The Hale Telescope is used every night for astronomical research thanks to a modern and evolving instrument suite. Hale Telescope instruments provide a wide range of imaging and spectroscopic capabilities in the optical and near-infrared parts of the electromagnetic spectrum. A significant fraction of Hale science activity is focused on spectroscopy—dividing starlight into its constituent colors. But Hale instrumentation also emphasizes adaptive optics capabilities that correct for distortions caused by Earth’s atmosphere—known as seeing, what makes stars twinkle—to deliver sharp images comparable to those produced by space telescopes from a ground-based facility.MORE
The Hale Telescope uses a modern and evolving set of instruments at its multiple foci to enable a broad range of science investigations; while possible, very rarely do people directly look through the telescope at the night sky. Astronomers use the Hale and other large telescopes to study objects as close as other planets in our Solar System, to as far away as distant galaxies at vast—astronomers say cosmological—distances, and virtually everything in between.
Astronomers typically use the Hale to perform “spectroscopy”—dividing light into its constituent colors—using instruments at the Cassegrain focus below the telescope. There are two spectrometers—one at optical wavelengths similar to what our human eyes see (roughly 300 – 1000 nm wavelength), and one in the near infrared (from 1000 – 3500 nm wavelength). These spectrometers are typically used to infer the chemical makeup of individual nearby objects like planets and stars in the solar neighborhood, and to infer the distance to far-away objects through their “redshift” recession velocity. There are examples of both of these kinds of science results featured in the Visitor Center.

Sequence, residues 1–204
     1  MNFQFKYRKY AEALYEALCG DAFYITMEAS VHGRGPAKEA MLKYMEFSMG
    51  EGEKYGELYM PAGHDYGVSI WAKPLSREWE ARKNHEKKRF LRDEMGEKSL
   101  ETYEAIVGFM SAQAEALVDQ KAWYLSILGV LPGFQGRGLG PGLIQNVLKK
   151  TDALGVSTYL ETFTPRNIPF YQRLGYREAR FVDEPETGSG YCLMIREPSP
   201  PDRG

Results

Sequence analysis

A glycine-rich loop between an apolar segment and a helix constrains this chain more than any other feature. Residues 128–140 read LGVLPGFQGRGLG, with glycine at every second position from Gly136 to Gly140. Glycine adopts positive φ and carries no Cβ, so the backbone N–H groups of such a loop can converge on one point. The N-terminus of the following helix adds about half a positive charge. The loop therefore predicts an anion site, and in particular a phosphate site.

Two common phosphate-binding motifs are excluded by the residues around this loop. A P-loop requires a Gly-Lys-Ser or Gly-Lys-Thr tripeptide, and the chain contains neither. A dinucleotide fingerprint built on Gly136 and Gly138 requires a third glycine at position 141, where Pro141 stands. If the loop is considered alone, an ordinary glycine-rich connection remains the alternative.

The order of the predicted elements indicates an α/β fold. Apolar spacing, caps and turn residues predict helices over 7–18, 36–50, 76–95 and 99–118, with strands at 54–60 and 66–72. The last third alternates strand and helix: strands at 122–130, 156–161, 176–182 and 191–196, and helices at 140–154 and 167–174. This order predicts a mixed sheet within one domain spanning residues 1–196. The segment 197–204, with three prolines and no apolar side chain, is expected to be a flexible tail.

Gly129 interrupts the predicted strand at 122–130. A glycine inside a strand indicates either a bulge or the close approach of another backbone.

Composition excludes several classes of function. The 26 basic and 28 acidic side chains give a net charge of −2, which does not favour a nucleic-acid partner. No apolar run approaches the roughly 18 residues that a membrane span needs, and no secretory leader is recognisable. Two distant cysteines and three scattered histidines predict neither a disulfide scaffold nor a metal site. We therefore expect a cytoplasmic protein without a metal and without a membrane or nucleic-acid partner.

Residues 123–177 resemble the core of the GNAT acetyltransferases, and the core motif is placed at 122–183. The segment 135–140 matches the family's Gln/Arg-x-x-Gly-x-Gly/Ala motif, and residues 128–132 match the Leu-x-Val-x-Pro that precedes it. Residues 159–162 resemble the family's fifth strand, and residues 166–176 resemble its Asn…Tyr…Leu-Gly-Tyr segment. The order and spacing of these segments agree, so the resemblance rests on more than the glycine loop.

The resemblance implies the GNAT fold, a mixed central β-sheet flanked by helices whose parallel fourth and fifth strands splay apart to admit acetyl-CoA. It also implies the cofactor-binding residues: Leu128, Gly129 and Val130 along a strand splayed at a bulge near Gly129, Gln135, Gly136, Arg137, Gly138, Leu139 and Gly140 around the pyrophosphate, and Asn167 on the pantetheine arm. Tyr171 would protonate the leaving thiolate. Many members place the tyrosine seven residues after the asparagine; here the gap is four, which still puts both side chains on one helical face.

The Hale also has a so-called “adaptive optics” system that is mounted at the Cassegrain focus, and can measure and counteract distortions due to atmospheric turbulence. Children learn “twinkle, twinkle little star”; the Hale adaptive optics system suppresses that twinkle, and is used to produce images and spectra at the highest angular resolution the telescope is capable of providing. Such high angular resolution images can be used to study close binary stars, or even separately image the light from planets around other nearby stars.
Hale prime focus at the top of the telescope is where we typically place imaging cameras that can image wider fields. Prime focus cameras in optical and near-infrared wavelengths are often used to study ensembles of objects like star clusters, or to identify interesting sources in external galaxies. One novel prime focus camera can even generate video-like data, and is used to observe rapidly changing astronomical objects.
Observatory staff and astronomers operate and use the Hale Telescope from the data room here on the observing floor. Staff telescope operators support an observing program by operating the telescope at a control console, but also carefully monitor system conditions and weather that might represent a hazard to the telescope. Visiting astronomers (and those participating remotely through computer network connection) interact with the operators, and separately the instruments by computer control to make their observations. Staff support astronomers are experts on the Hale and its instruments, and often assist visiting observers in making the best use of the telescope and instrumentation.